Les Misérables

Front Cover
Modern Library, 2009 - Fiction - 1330 pages
49 Reviews
Translated by Julie Rose
Introduction by Adam Gopnik


In this major new rendition by the acclaimed translator Julie Rose, Victor Hugo's Les Misérables is revealed in its full, unabridged glory. A favorite of readers for nearly 150 years, this stirring tale of crime, punishment, justice, and redemption pulses with life. Featuring such unforgettable characters as the quintessential prisoner of conscience Jean Valjean, the relentless police detective Javert, and the tragic prostitute Fantine and her innocent daughter, Cosette, Hugo's epic novel sweeps readers from the French provinces to the back alleys of Paris, and from the battlefield of Waterloo to the bloody ramparts of Paris during the uprising of 1832. With an Introduction by Adam Gopnik, this Modern Library edition is an outstanding translation of a masterpiece that continues to astonish and entertain readers around the world.

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Review: Les Misérables: Volume One (Die Elenden #01)

User Review  - Goodreads

An interesting and engaging read that provides valuable insight. At times however it descends into pages of detail that seem unnecessary to the story and can make you lose the flow of it a bit. Read full review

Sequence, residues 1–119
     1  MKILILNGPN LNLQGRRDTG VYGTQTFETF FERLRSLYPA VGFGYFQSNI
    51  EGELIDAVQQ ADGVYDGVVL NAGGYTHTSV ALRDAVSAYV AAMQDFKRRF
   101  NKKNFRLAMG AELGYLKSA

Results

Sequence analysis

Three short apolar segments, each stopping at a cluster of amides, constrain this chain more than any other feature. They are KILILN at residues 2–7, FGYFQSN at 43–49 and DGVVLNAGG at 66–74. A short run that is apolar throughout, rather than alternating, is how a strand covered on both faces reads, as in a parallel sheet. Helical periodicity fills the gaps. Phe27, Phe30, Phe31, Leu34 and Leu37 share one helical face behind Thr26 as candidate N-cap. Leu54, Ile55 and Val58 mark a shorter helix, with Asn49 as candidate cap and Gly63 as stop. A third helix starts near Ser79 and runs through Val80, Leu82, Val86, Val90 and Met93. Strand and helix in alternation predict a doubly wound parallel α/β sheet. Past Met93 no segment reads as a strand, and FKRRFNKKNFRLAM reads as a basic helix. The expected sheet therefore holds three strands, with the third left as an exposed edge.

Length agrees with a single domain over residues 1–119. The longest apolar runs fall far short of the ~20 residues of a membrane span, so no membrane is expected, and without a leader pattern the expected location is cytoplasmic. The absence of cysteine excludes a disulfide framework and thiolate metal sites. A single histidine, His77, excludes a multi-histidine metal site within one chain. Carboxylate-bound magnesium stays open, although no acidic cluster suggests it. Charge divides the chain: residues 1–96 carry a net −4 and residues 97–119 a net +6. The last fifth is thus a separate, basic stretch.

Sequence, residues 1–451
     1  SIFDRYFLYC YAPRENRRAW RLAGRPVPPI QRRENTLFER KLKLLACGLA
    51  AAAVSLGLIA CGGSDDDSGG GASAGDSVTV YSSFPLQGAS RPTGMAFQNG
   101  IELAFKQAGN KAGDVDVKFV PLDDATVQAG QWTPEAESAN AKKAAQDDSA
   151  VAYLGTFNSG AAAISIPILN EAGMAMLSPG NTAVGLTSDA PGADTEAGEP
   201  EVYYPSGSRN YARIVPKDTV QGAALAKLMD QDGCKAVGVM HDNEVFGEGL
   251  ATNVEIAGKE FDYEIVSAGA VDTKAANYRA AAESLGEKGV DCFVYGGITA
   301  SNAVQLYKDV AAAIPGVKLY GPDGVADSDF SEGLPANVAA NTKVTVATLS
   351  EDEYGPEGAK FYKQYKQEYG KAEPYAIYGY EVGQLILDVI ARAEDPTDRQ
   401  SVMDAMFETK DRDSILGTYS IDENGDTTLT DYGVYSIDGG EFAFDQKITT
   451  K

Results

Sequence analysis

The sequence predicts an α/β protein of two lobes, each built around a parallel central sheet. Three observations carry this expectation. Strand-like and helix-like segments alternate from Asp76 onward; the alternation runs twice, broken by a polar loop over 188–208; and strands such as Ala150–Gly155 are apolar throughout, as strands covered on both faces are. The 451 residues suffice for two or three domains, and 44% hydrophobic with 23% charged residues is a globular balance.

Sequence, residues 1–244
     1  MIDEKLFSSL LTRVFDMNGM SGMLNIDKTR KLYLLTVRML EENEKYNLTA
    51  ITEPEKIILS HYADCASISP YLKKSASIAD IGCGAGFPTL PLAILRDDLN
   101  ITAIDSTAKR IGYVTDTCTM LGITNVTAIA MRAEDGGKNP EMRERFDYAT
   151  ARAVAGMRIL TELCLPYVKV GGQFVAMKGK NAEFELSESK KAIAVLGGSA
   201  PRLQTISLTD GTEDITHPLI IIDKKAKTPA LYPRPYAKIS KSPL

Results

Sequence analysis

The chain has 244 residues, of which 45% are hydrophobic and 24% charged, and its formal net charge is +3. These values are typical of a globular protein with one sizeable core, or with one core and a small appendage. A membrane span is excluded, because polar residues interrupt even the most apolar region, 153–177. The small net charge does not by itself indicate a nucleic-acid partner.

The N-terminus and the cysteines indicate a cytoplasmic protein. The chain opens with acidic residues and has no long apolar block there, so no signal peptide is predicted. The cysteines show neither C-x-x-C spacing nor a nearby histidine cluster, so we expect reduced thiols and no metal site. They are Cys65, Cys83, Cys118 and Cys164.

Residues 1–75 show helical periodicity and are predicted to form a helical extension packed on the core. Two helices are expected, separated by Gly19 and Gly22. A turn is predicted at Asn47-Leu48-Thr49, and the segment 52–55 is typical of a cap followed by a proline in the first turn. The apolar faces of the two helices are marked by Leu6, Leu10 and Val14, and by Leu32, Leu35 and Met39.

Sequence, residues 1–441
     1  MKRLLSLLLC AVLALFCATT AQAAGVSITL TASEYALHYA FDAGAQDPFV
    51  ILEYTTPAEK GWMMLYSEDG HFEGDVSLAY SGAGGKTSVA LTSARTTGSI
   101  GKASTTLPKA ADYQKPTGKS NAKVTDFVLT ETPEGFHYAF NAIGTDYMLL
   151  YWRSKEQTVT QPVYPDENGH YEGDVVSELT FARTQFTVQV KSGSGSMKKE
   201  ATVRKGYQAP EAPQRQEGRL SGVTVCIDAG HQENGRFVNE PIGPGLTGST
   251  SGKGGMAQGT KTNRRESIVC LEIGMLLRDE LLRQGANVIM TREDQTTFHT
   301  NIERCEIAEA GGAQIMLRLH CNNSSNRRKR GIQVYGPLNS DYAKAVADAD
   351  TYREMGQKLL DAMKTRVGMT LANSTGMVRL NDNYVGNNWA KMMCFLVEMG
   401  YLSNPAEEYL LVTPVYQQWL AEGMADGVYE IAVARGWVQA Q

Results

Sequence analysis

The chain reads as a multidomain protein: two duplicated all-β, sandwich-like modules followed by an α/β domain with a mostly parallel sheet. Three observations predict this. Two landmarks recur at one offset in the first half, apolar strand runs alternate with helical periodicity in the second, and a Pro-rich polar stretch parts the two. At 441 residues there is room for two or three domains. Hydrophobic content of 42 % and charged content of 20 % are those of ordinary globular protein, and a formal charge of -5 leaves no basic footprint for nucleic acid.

Review: Les Miserables (Stepping Stones)

User Review  - Amber - Goodreads

I was happily surprised by this book! I wanted a more-accessible Les Mis I could use to introduce my student to the amazing classic, but was worried an abridged version couldn't do it justice. But for ... Read full review

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About the author (2009)

Julie Rose's acclaimed translations include Alexandre Dumas's The Knight of Maison-Rouge and Racine's Phèdre, as well as works by Paul Virilio, Jacques Rancière, Chantal Thomas, and many others. She is a recipient of the PEN medallion for translation and the New South Wales Premier's Translation Prize.

Adam Gopnik is the author of Paris to the Moon and Through the Children's Gate, and editor of the Library of America anthology Americans in Paris. He writes on various subjects for The New Yorker and has recently written introductions to works by Maupassant, Balzac, Proust, and Alain-Fournier.

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